Instagram Facebook Twitter


Collection item 0232
  • Period Twentieth-Century
  • Materials Transparent and opaque watercolor, ink and graphite pencil on paper
  • Object Number 0232
  • Dimensions 14 x 20 1/16 in.; 35.56 x 50.95875 cm. (sight); Framed: 21 1/4 in x 26 3/4 in x 1 1/2 in; 53.97 cm x 67.94 cm x 3.81 cm
  • Credit Line Acquired 1931

In 1917, Charles Burchfield began to expand upon his imagery, turning his attention to what Edward Hopper characterized in Burchfield’s work as “our native architecture with its hideous beauty.” Whether he painted storefronts, houses, or utilitarian structures, Burchfield attempted to suggest something about the people who used them. The buildings were often brought to life by exaggerating key features.

Barn was inspired by a building Burchfield saw one day while traveling along Painter Road in Salem, Ohio, just west of Bentley’s Woods. It is one of his first works to prominently feature a barn, a characteristic subject in his middle period, the picture is eerie in its silence. Although the time of year was not recorded, the clear light and golden furrows of the plowed field to the left suggest a warm, sunny day in late spring or early summer. Within the barn, a piece of farm equipment—likely the plow used to work the nearby fields—is a ghostly presence that haunts the dark interior.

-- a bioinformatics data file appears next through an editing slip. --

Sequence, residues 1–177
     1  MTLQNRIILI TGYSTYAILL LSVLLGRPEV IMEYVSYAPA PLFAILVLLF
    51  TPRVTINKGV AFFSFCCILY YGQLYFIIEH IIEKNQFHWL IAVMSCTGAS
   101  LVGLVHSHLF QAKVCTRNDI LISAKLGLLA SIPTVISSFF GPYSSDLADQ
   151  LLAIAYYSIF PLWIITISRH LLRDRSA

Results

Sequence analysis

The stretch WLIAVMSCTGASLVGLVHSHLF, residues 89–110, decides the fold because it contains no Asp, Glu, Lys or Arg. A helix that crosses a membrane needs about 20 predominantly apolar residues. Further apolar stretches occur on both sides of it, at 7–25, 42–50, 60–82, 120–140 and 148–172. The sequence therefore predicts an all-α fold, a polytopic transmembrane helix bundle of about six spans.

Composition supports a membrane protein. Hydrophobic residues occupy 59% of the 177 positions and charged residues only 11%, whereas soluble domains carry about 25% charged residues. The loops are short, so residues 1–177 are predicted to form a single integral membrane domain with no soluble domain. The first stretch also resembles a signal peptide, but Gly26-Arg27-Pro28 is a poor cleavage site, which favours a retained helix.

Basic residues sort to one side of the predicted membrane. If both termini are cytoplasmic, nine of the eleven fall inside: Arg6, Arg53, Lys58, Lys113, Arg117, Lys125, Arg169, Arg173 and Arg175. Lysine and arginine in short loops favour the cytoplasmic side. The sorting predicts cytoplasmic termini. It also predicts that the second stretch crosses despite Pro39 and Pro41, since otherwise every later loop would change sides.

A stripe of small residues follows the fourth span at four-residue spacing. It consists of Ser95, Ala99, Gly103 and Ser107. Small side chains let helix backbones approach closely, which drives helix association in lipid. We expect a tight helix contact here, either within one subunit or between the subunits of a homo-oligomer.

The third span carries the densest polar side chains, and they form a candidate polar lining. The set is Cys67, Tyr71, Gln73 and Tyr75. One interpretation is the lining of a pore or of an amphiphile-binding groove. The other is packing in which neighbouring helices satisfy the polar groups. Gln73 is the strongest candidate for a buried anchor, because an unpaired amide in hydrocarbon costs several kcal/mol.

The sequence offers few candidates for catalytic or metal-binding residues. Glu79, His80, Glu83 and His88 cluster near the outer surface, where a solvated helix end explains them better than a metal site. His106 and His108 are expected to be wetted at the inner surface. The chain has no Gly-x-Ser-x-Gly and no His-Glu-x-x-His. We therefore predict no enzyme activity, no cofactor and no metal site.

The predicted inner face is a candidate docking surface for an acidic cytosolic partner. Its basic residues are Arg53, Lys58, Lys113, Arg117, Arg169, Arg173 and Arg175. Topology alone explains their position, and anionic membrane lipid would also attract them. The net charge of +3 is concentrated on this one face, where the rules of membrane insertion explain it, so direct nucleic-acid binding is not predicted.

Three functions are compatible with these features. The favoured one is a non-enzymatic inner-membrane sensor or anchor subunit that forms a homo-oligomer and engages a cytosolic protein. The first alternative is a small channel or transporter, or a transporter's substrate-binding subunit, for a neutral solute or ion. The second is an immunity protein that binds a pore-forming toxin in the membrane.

This painting is remarkably restrained in its respect for the actual appearance of the building. Rather than transforming the barn’s facade into an animated face made up of windows and doorways, Burchfield relied more on composition and fine detail to convey the character of the place. Because the composition is nearly symmetrical with its main motif close to the center, the painting appears very still. It is enlivened subtly by features of the building: the doors hang crookedly, light passes through the planks of its back wall, and the roof curls near the sides, probably the result of its exposure to the elements. In contrast, the landscape details, glowing with light and color, convey renewal. The sky, painted in pale, gently arching streaks on a very wet surface, suggests rising humid air and a gradual clearing of the weather. It is a manifestation of his quest to show beauty and life in unexpected places.